- New York Governor Andrew M. Cuomo has signed new legislation that expands employment protections for victims of domestic violence.
- The law (A5618/S1040) amends the state's Human Rights Law to include victims of domestic violence as a protected class, along with age, creed, race, color, sex, sexual orientation, national origin, marital status, disability, military status, criminal or arrest record, or predisposing genetic characteristics.
- The law covers New York employers with more than four employees. The addition to the law makes it so covered employers must allow employees time off to receive medical attention, access victim services, attend counseling, relocate or plan for relocation or make court appearances.
Domestic violence is a concern for employers because domestic disputes often spill over into the workplace. According to a survey conducted by the Maine Department of Labor and reported by Fortune, 78% of abusers used the workplace to express anger, harass, threaten or pressure their victim; 74% obtained access to their partner's workplace; and 21% made contact with the victim at work in violation of a restraining order.
In addition to heightened safety risks, employers pay a steep cost — more than $8 billion a year — for domestic violence in terms of lost productivity, mental health services, and medical care. Survivors are often distracted or unwell during the workday. Despite this, Fortune reports that 65% of workplaces don't have formal workplace domestic violence policies in place.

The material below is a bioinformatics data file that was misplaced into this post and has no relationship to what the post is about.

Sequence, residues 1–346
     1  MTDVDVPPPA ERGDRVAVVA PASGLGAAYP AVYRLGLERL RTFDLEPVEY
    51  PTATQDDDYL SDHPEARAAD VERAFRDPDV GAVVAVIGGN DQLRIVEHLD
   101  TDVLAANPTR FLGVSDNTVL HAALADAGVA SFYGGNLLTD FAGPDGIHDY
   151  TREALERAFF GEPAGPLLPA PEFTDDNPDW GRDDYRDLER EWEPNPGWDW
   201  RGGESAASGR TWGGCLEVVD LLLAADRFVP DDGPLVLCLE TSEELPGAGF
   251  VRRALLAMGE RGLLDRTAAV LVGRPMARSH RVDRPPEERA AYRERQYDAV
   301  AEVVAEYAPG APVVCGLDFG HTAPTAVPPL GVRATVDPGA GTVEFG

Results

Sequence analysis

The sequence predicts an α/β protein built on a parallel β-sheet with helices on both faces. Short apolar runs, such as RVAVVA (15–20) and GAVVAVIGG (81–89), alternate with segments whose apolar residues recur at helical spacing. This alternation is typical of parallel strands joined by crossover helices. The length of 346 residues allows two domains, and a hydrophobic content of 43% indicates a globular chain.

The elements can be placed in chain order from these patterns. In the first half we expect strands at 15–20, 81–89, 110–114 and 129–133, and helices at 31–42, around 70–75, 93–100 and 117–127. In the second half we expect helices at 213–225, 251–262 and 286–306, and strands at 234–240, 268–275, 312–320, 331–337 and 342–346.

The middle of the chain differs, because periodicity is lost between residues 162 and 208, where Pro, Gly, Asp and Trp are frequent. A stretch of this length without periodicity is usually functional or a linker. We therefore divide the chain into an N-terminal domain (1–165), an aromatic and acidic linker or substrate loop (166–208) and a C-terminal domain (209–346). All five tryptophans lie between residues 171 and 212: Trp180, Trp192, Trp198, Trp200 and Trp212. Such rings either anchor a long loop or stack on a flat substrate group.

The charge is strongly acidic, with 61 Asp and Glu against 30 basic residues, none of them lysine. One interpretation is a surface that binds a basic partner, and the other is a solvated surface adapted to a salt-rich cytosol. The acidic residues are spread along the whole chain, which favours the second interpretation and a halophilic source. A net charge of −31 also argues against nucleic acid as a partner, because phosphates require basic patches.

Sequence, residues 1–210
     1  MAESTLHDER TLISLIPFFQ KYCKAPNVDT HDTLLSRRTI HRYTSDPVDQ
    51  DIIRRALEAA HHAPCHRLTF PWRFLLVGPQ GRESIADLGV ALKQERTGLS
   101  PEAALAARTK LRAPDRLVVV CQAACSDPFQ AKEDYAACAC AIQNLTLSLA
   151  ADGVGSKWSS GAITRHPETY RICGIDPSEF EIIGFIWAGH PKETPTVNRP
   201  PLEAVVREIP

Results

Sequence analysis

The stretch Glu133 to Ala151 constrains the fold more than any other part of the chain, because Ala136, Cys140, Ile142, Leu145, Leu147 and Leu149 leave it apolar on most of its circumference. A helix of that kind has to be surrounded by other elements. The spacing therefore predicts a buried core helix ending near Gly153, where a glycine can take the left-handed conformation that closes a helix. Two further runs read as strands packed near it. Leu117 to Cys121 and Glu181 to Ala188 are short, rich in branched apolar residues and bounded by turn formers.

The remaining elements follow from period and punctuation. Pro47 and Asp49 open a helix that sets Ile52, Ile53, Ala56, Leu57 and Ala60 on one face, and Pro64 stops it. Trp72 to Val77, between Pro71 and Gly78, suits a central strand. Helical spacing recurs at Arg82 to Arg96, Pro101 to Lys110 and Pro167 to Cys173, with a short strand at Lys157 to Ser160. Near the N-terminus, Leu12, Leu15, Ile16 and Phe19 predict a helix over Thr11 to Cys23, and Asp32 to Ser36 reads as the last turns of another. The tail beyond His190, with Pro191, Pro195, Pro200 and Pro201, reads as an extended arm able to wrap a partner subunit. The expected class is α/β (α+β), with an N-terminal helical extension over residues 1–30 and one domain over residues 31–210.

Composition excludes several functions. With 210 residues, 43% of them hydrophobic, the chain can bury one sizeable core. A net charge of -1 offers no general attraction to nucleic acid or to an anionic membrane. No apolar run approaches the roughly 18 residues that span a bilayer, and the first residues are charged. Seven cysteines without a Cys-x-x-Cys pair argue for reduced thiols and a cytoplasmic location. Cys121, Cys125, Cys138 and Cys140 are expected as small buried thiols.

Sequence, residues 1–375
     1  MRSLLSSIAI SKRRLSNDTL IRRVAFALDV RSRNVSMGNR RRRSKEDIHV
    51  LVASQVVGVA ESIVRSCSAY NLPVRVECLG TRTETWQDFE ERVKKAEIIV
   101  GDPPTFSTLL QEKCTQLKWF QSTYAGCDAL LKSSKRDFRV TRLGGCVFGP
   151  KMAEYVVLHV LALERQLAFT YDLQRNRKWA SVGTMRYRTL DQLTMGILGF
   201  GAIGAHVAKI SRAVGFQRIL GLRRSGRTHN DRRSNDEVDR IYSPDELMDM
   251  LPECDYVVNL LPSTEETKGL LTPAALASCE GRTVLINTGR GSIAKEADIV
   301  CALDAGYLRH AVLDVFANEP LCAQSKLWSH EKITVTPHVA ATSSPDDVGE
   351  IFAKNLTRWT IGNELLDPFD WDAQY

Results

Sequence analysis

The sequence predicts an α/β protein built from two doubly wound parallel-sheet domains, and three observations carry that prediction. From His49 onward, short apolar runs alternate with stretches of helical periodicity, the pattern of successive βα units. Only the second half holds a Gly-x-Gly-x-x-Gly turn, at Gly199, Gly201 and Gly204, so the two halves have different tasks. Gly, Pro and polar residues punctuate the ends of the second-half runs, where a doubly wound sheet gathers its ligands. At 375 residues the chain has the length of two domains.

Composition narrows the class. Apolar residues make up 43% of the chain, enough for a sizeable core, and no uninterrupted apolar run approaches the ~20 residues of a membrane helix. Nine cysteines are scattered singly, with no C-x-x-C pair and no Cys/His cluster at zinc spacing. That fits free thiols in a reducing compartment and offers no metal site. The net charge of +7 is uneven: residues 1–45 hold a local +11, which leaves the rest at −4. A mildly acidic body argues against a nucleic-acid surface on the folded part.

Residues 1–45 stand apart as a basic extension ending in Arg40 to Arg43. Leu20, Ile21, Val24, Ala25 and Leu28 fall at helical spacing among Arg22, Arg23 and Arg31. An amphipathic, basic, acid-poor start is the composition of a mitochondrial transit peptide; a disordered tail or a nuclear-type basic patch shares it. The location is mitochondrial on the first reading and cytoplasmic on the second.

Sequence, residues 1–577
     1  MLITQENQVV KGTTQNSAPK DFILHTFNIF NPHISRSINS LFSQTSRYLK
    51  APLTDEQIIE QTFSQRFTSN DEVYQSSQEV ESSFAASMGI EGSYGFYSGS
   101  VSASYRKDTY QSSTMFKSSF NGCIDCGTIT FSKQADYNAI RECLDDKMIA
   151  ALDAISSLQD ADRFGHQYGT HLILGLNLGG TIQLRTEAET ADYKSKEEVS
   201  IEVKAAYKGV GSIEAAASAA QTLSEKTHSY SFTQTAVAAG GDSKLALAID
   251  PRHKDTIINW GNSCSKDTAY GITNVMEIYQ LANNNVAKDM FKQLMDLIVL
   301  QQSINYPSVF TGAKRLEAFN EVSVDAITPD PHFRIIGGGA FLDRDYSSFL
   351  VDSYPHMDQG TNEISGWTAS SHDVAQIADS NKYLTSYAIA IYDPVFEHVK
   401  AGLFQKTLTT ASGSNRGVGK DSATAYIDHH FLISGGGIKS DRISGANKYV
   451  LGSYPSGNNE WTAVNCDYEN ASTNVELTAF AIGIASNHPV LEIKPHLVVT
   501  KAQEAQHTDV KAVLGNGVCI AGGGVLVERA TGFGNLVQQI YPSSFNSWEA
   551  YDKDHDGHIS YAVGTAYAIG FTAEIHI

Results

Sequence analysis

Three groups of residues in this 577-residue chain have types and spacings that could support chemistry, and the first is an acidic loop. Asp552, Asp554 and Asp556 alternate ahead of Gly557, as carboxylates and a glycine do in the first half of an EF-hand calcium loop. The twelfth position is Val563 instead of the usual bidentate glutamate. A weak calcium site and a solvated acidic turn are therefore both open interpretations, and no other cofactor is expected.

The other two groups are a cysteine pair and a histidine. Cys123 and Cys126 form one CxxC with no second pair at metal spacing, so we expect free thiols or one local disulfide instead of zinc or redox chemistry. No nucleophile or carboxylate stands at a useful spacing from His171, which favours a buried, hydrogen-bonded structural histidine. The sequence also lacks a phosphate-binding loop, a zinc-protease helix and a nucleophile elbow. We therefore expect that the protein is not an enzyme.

An increasing number of localities are offering paid "safe days" that enable survivors to take time off for domestic violence-related matters, including court appearances and protective service appointments, without the additional burden of losing pay.
Survivors often opt to miss important court dates rather than lose a day of pay, so unpaid safe days may not be of much practical assistance to survivors who are concerned about finances. Additionally, not all city-level paid sick laws include provisions that explicitly provide for the use of safe time, according to the Center for Economic and Policy Research (CEPR). CEPR calls this "an oversight that needs to be corrected" because "paid sick days would allow victims time to seek lifesaving services from local domestic violence programs." A McKinsey and Company report from 2016 cited violence against women as one of ten factors contributing to gender inequality at work.
Many companies are training their employee assistance teams on how to screen workers for indications of distress, including signs of domestic violence.